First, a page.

Hamilton's LRT project has produced thousands of pages of studies and plans over the past five years.
Tucked amid the details and charts and maps have been many concept images of what the system will look like at various places.
They include the tracks, the stops, the,bridges, the platforms. Here is pictorial ride along Hamilton's LRT project, thanks to a collection of that concept art, to help you understand what all the debate is about.
Most of these images are taken from an updated project design that went before councillors earlier this week.
They debated LRT for 13 hours Tuesday and heard pro and con arguments from dozens of citizens before delaying approving major changes.
Councillors were going to vote Tuesday on an update to a 2011 environmental assessment— essentially an updated plan — for the $1 billion system, which runs from McMaster University to the Queenston traffic circle.
- Hamilton councillors debate LRT for 13 hours, then delay approving major changes
That vote would have OK'd some major changes, including stopping the route at the traffic circle rather than Eastgate Square, a new maintenance and storage facility in the west end and making King Street — a major one-way downtown thoroughfare — two way in most places.
Now the report will come back on April 19. When councillors vote, it will be whether to submit the update to the province.
Here's an image-by-image tour of what the project is about, and what the people planning it imagine it will look like.
14 stops from McMaster: LRT-only bridge over 403
In addition to the terminus at McMaster there would be 13 on-street stops.
From McMaster, the line proceeds east along Main Street W. over Highway 403 on a yet-to-be-designed bridge over to King St. W. to go into downtown.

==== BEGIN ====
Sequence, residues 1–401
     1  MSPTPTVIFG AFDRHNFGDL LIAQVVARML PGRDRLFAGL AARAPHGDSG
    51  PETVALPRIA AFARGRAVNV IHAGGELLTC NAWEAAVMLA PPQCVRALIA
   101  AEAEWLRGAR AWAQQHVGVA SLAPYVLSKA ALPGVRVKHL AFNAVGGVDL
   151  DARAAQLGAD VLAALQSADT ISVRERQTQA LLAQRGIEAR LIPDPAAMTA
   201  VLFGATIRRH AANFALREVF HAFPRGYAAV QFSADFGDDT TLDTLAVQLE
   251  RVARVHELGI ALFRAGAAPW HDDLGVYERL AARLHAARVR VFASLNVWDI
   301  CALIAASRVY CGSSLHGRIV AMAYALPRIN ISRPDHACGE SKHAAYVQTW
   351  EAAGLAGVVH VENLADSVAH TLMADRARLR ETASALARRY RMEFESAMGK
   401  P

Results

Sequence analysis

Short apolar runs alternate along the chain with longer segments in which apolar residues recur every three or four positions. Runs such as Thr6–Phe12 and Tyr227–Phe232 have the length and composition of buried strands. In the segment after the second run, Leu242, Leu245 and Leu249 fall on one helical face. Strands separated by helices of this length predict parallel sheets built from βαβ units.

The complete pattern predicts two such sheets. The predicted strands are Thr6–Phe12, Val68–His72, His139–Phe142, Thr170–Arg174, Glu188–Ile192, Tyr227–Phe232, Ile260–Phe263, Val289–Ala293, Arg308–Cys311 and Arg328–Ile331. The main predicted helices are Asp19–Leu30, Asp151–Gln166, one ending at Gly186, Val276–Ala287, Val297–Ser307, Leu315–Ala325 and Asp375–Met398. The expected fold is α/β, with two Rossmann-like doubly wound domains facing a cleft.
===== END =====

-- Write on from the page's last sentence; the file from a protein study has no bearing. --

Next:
Here's what the proposed layout of a LRT-only bridge over the 403.
West end stop
The image below shows what a stop would look like, on King St. W. at Dundurn, near the Fortino's plaza.
James Street and the Gore
The main downtown stop will be at King and James. Here are three views of that stop, including one during a snowstorm.
The province wants to see a connection to GO Transit. The spur line the province proposed for James N is gone, but it still wants to see a pedestrian connection south from King along Hughson to the Hamilton GO Centre on Hunter street. This overhead image shows a concept for that connection. The GO station is at the top of the picture.
King St. E., International Village
These plans invoke memories of the dramatic arguments over the now-defunct bus lane, but take it up a level:
The road would be closed to cars between Catharine St. and Wellington St. The plans call for redirecting traffic from westbound to eastbound between Catharine St. and Mary St. so people can drive into the Crowne Plaza Hotel and Effort Square parking structure.
Wellington St. stop
Just past the International Village is a stop for Wellington Street. These two images give a different perspective on a stop, from almost eye level.
King St. and Main St.
Past downtown, the line would continue on King St. E. until the delta at Main St. E., when it would switch over and follow Main Street to the Queenston traffic circle. The new design shifts more of the system to a centre-running one. You'll notice that most of the new images include the overhead wires, which were absent from many of the initial images circulated.
The permanence of LRT is expected to inspire development along the corridor, and could prove especially influential along the eastern portion of the line.
CP Rail crossing
As the line moves east, an issue to be resolved was the CP tracks that cross the line just east of Gage Avenue. The LRT system will have to go underneath the tracks and here is a concept of how that might look.
LRT generic concept art
Here are some generic images that are hard to place as being at a specific spot in the city.
How some LRT stops would be laid out
The new design means most of the stops will be a central platform, shown below.